When I start vi/vim as ex, I can use the -c option to provide the set of ex commands to apply to a file:

echo Yes | ex -sc 's/Y/y/|%p|q!' /dev/stdin

But how can I use normal mode commands like the ~ (switch case command) with ex?

  • 1
    If you want to switch case you could use :h g~ (e.g. :norm! g~2W) and not use visual mode.
    – statox
    Commented Sep 18, 2018 at 7:04
  • Thanks, @statox. Indeed running normal mode command is what I was looking for. However, could you post an answer with the full command? I tried a couple of variations around echo 'Élève' | ex -sc ':norm! g~|%p|q!' /dev/stdin but it doesn't work. Commented Sep 18, 2018 at 8:44

1 Answer 1


Based on a comment by @statox, I found a solution:

echo 'Élève' | ex -sc 'norm! g~w' -c '%p|q!' /dev/stdin

The norm command allows executing Normal mode commands. And I had to use two -c option since, after norm, the rest of the line is considered part of the normal-mode command to execute.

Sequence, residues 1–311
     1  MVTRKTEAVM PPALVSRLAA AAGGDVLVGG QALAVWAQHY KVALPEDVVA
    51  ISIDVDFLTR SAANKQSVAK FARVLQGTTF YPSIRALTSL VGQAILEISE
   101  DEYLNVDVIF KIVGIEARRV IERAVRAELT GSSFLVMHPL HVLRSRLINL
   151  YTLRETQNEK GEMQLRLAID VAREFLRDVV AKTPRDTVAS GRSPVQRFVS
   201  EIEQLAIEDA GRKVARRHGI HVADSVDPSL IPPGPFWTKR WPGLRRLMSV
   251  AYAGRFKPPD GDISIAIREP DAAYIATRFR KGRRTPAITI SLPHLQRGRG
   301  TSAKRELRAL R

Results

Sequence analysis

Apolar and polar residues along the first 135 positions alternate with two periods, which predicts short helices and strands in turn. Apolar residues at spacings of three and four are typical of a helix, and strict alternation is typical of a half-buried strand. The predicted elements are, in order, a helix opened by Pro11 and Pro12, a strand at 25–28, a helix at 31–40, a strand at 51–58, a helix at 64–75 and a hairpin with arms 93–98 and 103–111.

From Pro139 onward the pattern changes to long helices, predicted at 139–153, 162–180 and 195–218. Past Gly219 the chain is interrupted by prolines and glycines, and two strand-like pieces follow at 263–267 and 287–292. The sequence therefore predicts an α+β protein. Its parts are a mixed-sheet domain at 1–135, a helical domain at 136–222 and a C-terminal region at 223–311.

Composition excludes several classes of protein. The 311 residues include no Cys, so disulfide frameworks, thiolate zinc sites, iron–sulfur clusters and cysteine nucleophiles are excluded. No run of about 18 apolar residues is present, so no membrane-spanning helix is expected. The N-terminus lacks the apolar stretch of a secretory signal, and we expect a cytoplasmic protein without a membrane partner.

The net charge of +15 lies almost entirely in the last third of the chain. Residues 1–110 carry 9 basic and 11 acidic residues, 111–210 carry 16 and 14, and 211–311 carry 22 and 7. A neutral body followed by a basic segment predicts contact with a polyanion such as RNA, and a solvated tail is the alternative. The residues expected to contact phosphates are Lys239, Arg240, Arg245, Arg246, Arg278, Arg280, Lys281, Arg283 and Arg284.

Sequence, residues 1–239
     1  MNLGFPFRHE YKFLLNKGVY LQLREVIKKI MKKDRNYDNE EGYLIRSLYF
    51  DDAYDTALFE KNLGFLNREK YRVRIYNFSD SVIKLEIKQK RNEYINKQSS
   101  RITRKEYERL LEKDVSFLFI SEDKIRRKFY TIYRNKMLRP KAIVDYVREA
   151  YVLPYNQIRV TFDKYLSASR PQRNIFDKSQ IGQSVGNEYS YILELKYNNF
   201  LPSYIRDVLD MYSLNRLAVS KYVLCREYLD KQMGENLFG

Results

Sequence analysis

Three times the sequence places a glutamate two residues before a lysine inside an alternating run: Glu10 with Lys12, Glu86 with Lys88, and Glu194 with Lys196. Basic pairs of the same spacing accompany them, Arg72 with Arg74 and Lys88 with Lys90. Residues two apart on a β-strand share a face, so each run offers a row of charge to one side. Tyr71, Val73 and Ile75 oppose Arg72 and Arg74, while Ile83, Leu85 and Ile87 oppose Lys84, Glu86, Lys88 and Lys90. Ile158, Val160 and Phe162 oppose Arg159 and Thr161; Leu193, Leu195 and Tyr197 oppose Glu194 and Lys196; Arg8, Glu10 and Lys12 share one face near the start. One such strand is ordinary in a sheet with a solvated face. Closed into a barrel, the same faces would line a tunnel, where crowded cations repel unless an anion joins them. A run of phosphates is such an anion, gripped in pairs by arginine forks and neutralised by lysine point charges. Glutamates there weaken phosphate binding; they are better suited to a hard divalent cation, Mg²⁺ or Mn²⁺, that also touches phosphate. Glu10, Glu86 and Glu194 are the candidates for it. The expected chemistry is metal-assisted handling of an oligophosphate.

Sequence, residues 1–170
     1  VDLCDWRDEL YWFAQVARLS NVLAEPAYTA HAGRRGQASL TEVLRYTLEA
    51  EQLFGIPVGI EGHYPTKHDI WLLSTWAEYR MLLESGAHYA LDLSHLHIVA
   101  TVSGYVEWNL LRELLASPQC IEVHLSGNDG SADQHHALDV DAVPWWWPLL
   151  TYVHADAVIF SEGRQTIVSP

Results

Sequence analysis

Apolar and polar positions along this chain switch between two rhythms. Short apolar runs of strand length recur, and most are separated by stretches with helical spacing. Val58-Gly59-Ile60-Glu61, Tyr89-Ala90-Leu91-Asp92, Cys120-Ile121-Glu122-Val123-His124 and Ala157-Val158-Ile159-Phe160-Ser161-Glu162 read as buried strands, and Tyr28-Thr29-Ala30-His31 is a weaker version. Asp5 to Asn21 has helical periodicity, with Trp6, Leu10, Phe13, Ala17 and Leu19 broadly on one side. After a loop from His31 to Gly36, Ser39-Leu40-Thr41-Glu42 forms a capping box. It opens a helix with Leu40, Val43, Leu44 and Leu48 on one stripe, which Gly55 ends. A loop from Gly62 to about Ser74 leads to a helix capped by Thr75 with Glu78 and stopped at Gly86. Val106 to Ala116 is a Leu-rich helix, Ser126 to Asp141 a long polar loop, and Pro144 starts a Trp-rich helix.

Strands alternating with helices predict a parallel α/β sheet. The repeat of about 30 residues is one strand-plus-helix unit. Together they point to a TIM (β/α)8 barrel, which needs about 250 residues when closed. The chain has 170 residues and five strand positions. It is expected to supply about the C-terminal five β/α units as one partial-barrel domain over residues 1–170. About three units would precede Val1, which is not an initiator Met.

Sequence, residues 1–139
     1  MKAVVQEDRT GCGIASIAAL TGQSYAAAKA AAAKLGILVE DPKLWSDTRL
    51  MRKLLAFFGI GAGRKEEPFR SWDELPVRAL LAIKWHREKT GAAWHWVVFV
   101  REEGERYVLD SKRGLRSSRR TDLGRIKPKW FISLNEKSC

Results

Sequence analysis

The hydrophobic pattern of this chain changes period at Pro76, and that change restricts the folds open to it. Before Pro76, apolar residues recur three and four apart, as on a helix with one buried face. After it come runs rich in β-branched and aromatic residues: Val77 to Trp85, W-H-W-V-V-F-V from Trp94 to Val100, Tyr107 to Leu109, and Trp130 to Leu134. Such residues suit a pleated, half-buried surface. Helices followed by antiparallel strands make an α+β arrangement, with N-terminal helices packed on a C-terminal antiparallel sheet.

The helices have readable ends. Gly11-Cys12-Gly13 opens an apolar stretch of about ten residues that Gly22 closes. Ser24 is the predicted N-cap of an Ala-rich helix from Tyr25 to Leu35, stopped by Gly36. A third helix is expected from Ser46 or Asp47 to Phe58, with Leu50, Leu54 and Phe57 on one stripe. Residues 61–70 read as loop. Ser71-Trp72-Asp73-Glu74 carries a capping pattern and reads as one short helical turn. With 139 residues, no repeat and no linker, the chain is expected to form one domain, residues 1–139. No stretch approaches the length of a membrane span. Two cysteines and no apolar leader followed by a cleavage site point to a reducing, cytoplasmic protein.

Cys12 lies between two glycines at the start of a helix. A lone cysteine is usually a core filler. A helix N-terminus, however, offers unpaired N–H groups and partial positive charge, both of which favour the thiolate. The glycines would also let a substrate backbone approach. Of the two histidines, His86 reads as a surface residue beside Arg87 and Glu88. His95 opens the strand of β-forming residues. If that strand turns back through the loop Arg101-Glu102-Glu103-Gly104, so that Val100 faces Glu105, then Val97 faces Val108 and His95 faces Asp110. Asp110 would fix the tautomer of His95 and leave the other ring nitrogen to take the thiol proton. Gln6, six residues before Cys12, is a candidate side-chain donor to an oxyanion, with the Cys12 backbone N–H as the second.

• 1
    Yup I couldn't answer your comment in time but that's what I meant :) Don't forget to mark your answer as accepted when you can so that the question has an answer. Also for this kind of manipulation, I would rather use sed or perl substitution command rather than vim.
    – statox
    Commented Sep 18, 2018 at 10:11
  • There are some situations where, as far as I know, ex can be easier than sed. For instance, for removing a specific tag that spread across multiple lines. The ex commands '/id="todelete"' and 'dat' would delete the tag wit todelete id regardless of how many lines the tag takes.
    – ndvo
    Commented Oct 18, 2020 at 22:14

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